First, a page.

Similar to animals drowning in water and carcasses deliberately being stored under water as one of the oldest forms of meat preservation, is the fact that animals which died in desert areas where the wind blew salt-sand onto the carcass must have equally been subjected to a different rate of decomposition compared to freshly killed animals, untreated by salt or water immersion. It is this which I believed played a crucial role in discovering nitrate curing in the Turfan area where, by the early Bronze age, bodies were subjected to natural mummification, partly as a result of nitrate-rich sand blowing over them. Thinking about it makes it clear that examples of natural salt preservation must have been all around early humans to observe. The question is really, which hominin species was able to make the connection cognitively and in the case of southern Africa, why was it never developed any further. It is safe to say that salt preservation never played any part in the indigenous cultures in southern Africa.
There must have been a considerable time between the discovery of the value of salt and when it became part of popular culture. Ons of the big reasons for this was availability. We can identify when this happened by identifying when mining of salt emerged. Mining it would necessarily have been preceded by discovering its value which then created a demand and which, in turn, lead to its mining.
The next article will feature some stone-age chemistry as we look at the analytical techniques that were required to start separating out different kinds of salt. We also look at the oldest salt mines on earth to start forming a picture of where cultures emerged, based on this unique mineral.
Cordain, L., Eaton, S. B., Sebastian, A., Mann, N., Lindeberg, S., Watkins, B. A., O’Keefe, J. H., Brand-Miller, J.; Origins and evolution of the Western diet: health implications for the 21st century, The American Journal of Clinical Nutrition, Volume 81, Issue 2, 1 February 2005, Pages 341–354, https://doi.org/10.1093/ajcn.81.2.341
De Luca Jr, L. A., Menani, J. V., Johnson, A. K. (Editors). 2014. Neurobiology of Body Fluid Homeostasis: Transduction and Integration. CRC Press.
Engelbrecht, J. A.. 1936. The Korana. Maskew Miller, Ltd.. Cape Town.
Needham, J. 1980. Science and Civilisation in China, Volume 5. Chemistry and Chemical Technology. Cambridge University Press.
Schlebusch CM, Malmström H, Günther T, Sjödin P, Coutinho A, Edlund H, Munters AR, Vicente M, Steyn M, Soodyall H, Lombard M, Jakobsson M. 2017. Southern African ancient genomes estimate modern human divergence to 350,000 to 260,000 years ago. Science.2017 11 03; 358(6363):652-655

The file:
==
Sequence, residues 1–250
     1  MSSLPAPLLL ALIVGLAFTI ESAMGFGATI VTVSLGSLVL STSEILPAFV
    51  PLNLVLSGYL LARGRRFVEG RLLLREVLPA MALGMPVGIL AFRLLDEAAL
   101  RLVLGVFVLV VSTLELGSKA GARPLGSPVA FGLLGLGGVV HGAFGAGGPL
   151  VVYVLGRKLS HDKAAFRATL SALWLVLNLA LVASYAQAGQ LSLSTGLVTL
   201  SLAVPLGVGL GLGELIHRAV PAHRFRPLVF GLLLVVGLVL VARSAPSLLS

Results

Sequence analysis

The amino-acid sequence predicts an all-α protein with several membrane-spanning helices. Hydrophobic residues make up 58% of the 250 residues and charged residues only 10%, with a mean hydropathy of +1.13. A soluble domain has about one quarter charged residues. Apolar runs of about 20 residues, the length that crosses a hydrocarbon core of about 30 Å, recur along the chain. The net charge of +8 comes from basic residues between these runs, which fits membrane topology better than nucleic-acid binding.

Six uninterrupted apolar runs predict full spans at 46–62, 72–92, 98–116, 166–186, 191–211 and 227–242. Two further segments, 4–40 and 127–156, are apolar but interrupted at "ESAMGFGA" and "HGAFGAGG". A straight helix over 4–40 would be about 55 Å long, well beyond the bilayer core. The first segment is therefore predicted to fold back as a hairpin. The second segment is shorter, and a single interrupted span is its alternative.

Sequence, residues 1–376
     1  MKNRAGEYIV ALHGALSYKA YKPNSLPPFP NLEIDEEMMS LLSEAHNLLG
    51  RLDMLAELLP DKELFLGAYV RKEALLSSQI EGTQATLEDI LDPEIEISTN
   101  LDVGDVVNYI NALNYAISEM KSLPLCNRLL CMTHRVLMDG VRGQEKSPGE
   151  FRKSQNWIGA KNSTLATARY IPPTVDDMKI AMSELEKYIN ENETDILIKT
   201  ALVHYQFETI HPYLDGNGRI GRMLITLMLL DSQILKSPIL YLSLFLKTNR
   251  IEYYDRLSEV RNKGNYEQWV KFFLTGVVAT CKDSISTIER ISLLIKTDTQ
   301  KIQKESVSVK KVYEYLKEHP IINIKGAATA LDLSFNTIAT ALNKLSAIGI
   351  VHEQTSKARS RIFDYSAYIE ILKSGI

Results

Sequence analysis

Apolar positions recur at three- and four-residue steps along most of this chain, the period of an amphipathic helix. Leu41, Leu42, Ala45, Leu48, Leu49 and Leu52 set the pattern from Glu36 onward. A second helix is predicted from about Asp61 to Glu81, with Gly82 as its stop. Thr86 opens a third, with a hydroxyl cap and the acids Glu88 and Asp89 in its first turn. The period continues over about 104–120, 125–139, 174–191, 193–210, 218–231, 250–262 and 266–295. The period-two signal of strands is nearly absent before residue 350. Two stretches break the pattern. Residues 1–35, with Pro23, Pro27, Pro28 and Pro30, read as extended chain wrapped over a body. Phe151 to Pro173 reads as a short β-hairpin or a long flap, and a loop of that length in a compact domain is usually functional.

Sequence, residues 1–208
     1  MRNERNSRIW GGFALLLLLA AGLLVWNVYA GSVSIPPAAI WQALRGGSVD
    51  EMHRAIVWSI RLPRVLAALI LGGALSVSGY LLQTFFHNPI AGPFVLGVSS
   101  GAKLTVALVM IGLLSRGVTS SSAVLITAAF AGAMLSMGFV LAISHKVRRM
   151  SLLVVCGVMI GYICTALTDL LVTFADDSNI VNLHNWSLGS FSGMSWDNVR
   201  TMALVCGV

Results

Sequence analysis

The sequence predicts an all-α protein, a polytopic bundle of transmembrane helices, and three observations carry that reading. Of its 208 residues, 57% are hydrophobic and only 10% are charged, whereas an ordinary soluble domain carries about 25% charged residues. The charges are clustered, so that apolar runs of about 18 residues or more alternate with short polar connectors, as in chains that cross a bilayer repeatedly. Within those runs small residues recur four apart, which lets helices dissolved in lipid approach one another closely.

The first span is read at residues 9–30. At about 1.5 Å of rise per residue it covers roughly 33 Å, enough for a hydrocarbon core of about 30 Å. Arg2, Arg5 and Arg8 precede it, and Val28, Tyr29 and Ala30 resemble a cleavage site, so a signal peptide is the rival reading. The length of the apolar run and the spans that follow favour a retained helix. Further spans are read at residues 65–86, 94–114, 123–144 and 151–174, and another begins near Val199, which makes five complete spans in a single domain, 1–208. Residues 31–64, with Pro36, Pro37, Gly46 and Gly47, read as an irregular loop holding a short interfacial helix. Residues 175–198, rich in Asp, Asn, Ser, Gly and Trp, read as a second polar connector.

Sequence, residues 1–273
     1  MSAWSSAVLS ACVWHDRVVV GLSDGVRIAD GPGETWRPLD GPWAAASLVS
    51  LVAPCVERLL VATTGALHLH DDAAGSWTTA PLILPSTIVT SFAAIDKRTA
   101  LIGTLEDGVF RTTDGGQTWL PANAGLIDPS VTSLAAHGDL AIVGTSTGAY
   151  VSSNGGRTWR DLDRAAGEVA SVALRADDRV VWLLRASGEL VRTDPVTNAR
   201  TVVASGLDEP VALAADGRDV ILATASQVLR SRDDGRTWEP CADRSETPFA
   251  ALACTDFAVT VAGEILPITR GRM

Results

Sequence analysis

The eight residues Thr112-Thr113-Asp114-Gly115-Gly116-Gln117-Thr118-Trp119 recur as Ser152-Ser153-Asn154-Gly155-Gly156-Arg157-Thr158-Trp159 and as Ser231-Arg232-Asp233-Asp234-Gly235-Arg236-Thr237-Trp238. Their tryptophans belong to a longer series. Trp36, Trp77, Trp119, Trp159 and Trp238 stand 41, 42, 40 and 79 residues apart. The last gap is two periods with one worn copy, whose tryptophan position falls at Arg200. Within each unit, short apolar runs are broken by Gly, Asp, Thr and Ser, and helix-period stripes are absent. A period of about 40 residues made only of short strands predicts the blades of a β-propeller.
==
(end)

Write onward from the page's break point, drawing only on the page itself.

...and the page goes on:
Honey – powerful preserving and healing power (Fascinating Insights from Arabia)
Eben van Tonder
17 May 2018
The link between meat preservation technology and embalming is by this time well established and I have written extensively on the subject. The use of honey in meat formulations and meat curing is no exception and we are introduced to the topic of honey in the preservation of human remains by the 16th-century Chinese medical doctor and pharmacologist, Li Shizhen, reporting on a practice from Arabia.
Three aspects emerge. We have seen in our article, How did Ancient Humans Preserve Food? that the ancients were not grossed out by human excrement or urine. Here we see that they were likewise not revolted by the use of human body parts. The second is the use of honey in the preservation of these body parts. This becomes another example where the same preserving technology is in use to preserve meat and human bodies alike or, as in the particular case, body parts.
The third interesting aspect is the level of technological development in the use of honey. In the minds of the ancients, it would seem, honey had a preeminent place among the different preservation technologies in that they recognized that it had not only great value for the dead but also healing power for the living. This is a tremendous realization in a day when sodium chloride salt, nitrate, nitrite, sulfate, and ammonium are being highlighted for their detrimental effects to the lives of the living if not used with extreme care. In Li Shizehn’s account, there is an amazing mix of the healing and preservation power of honey, blended in with ancient belief’s and legends about the essence of life and the human body. The account may be in its composition as handed down by Li, mostly fictional, but there are undoubtedly enough points of contact with reality to be of huge interest. The mere fact that it was romanticised to the level of Li’s account, points to fascinating underlying truths that can be seen through the fog of the legend. Lets first look at the man who brings us this fascinating story.